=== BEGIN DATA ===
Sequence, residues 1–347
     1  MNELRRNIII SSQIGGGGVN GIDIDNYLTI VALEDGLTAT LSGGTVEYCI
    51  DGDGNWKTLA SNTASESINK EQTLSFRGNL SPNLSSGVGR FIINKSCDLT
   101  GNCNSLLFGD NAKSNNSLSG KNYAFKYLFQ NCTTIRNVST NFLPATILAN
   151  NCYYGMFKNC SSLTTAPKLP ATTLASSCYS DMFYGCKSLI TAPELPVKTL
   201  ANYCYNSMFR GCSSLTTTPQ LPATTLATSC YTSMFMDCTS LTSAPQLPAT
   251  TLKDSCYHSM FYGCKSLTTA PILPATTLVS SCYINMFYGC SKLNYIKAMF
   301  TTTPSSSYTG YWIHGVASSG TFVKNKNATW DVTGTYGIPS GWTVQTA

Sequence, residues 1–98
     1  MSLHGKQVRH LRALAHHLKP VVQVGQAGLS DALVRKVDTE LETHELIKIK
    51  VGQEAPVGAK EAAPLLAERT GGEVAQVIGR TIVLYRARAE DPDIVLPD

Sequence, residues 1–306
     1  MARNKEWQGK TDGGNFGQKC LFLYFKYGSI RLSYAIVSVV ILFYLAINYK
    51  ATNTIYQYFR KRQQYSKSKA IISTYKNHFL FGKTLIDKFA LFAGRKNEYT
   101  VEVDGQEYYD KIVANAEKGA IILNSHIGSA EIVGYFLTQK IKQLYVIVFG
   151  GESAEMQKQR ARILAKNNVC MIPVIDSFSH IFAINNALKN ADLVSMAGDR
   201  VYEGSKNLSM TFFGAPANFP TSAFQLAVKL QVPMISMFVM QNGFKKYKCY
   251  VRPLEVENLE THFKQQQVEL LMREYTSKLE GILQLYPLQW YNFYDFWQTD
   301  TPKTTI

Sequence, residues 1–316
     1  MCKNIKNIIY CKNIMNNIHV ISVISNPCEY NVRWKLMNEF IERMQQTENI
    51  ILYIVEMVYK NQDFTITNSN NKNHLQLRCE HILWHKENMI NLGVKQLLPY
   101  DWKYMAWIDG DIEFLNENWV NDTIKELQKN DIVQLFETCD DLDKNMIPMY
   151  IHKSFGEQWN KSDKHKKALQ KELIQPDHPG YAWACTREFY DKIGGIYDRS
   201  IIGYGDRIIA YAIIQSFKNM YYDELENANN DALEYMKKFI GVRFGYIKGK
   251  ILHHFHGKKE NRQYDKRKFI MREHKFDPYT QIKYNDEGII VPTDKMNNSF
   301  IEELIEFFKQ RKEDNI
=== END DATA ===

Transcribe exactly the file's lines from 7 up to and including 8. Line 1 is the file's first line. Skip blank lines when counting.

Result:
   251  TLKDSCYHSM FYGCKSLTTA PILPATTLVS SCYINMFYGC SKLNYIKAMF
   301  TTTPSSSYTG YWIHGVASSG TFVKNKNATW DVTGTYGIPS GWTVQTA